What was Dr. Shetty’s driving motivation? Well part of it surely came from the four years he spent caring for Mother Teresa as her heart surgeon and personal physician. He shared with us what he learned from “Mother,” as he called her; the hands that serve are greater than the lips that pray. That one-line description suggests how much Dr. Shetty’s life changed while serving this woman who dedicated her own life to the service of the world’s poorest.
Dr. Shetty seemed to me to embody the mission of saving humanity, similar to Mother Teresa’s mission to care for the poor, although Dr. Shetty chose life-saving medicine as his means. He explained that he would, day-in and day-out, diagnose patients who needed heart surgery to save their lives. And, day-in and day-out, those patients would not return to the hospital for their procedures. To someone like me who works in the U.S. healthcare system, it seems absurd. Why wouldn’t they have a procedure that would save their life? Because they couldn’t afford it. Dr. Shetty explained that even today at $1,400 (USD) for a heart surgery in his Indian hospitals, only 20 percent of the world’s population who needed that heart surgery would be able to afford it.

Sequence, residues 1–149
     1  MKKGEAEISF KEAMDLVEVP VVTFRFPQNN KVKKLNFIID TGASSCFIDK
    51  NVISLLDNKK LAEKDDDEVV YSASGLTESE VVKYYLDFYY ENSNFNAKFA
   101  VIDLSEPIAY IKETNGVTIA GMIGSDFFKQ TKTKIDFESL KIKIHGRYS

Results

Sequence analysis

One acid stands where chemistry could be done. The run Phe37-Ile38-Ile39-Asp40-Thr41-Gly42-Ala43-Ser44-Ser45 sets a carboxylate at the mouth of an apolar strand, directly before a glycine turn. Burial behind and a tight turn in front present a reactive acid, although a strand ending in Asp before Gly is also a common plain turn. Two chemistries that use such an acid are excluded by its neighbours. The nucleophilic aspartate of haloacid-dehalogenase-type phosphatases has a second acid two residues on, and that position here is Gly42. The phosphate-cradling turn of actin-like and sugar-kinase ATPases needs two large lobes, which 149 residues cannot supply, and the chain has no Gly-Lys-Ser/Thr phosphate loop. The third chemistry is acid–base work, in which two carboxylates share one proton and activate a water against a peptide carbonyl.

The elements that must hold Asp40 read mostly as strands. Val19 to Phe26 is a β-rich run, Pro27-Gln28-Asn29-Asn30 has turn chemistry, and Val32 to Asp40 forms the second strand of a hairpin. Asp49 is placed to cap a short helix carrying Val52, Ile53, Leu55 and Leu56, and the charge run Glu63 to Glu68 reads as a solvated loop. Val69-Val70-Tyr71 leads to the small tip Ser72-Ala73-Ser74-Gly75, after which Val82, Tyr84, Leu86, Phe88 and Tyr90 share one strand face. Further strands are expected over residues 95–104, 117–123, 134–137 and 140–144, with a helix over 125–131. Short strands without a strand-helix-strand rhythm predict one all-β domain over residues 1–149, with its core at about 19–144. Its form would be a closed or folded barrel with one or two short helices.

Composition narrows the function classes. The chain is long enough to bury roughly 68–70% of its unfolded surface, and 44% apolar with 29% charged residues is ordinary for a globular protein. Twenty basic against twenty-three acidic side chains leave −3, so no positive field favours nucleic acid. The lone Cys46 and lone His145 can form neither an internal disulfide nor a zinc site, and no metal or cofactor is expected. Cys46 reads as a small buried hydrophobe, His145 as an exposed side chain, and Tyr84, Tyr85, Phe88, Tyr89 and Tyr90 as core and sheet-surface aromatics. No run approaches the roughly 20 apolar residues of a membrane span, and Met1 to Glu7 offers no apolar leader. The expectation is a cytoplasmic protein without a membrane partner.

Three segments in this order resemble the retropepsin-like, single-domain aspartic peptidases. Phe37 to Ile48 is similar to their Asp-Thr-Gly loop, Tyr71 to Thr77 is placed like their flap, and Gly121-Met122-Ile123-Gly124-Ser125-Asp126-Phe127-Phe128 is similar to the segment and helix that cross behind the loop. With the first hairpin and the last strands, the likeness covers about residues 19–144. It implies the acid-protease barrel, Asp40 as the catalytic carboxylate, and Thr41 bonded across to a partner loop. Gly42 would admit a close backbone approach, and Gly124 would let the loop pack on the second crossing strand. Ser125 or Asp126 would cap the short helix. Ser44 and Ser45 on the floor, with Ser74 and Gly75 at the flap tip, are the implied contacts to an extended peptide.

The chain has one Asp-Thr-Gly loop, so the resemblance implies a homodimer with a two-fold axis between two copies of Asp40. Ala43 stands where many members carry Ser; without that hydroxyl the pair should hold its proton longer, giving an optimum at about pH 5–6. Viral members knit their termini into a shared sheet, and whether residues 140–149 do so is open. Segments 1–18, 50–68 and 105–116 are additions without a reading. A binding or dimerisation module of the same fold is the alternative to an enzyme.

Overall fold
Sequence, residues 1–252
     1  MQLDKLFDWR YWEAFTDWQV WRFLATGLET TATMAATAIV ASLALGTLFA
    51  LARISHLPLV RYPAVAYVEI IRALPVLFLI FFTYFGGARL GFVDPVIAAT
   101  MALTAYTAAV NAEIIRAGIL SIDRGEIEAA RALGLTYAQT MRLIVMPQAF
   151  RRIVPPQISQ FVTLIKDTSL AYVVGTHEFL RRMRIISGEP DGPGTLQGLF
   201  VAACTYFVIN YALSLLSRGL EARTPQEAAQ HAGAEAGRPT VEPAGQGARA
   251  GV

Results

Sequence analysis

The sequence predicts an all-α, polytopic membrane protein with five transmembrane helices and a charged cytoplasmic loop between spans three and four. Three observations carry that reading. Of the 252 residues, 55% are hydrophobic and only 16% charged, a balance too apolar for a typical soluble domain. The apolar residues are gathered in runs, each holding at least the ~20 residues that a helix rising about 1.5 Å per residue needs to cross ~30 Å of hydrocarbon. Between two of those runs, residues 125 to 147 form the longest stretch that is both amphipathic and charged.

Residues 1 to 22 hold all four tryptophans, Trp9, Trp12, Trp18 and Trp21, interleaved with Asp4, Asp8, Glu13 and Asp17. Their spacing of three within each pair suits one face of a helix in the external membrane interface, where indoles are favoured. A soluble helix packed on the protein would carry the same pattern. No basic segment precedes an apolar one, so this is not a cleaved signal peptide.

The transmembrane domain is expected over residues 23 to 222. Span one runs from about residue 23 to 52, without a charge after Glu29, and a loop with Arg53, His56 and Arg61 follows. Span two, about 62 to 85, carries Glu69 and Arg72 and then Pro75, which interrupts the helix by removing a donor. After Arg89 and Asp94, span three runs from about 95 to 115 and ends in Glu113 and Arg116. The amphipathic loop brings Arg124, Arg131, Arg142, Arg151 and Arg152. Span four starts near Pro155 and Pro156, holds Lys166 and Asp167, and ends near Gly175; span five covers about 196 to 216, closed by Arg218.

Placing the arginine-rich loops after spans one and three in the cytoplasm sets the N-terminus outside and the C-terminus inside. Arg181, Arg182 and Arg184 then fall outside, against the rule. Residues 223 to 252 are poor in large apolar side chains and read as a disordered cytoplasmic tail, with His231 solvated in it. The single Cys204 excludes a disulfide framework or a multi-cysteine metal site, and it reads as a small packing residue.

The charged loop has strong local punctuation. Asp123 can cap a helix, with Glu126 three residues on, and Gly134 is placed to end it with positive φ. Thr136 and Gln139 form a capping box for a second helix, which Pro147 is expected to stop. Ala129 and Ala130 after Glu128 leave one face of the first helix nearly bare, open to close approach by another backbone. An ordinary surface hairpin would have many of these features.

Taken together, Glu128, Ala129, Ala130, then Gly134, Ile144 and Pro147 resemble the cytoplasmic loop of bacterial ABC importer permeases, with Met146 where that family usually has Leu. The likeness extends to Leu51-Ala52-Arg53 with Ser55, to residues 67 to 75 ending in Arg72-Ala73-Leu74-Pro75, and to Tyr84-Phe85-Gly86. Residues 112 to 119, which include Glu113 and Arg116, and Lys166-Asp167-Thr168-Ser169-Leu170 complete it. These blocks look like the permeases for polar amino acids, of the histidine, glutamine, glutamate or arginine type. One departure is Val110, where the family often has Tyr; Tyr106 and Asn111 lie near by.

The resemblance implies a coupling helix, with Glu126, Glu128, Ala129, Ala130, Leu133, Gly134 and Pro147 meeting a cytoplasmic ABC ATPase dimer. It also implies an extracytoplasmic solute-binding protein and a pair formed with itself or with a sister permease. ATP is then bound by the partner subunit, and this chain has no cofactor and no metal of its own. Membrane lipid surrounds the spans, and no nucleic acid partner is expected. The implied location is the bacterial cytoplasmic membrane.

By the way, Dr. Shetty isn’t satisfied with a $1,400 heart surgery. His goal is to get the number down to $800 – the point at which he has calculated that 50 percent of the world’s needy heart surgery patients could afford the procedure (still, he insists, even 50 percent is a travesty). Until he reaches $800, he won’t stop examining every component of his cost structure.